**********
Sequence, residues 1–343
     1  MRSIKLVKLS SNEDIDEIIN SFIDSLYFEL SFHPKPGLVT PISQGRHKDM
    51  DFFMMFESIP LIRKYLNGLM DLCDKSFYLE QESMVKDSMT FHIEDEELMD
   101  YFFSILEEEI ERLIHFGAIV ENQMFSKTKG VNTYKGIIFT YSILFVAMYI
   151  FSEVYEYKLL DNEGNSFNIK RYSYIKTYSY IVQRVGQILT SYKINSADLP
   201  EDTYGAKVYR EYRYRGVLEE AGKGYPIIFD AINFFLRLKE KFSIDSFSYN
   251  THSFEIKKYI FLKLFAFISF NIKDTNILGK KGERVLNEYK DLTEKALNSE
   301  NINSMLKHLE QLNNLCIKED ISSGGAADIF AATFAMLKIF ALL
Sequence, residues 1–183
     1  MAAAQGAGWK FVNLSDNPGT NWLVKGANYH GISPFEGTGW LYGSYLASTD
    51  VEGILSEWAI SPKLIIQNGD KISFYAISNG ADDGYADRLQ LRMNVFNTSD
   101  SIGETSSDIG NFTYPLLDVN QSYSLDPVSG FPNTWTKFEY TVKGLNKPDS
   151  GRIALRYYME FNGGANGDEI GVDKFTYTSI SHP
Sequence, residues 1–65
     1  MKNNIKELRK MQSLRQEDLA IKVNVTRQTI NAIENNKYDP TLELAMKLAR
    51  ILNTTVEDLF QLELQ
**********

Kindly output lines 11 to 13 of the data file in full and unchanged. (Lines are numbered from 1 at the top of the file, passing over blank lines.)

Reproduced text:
    51  VEGILSEWAI SPKLIIQNGD KISFYAISNG ADDGYADRLQ LRMNVFNTSD
   101  SIGETSSDIG NFTYPLLDVN QSYSLDPVSG FPNTWTKFEY TVKGLNKPDS
   151  GRIALRYYME FNGGANGDEI GVDKFTYTSI SHP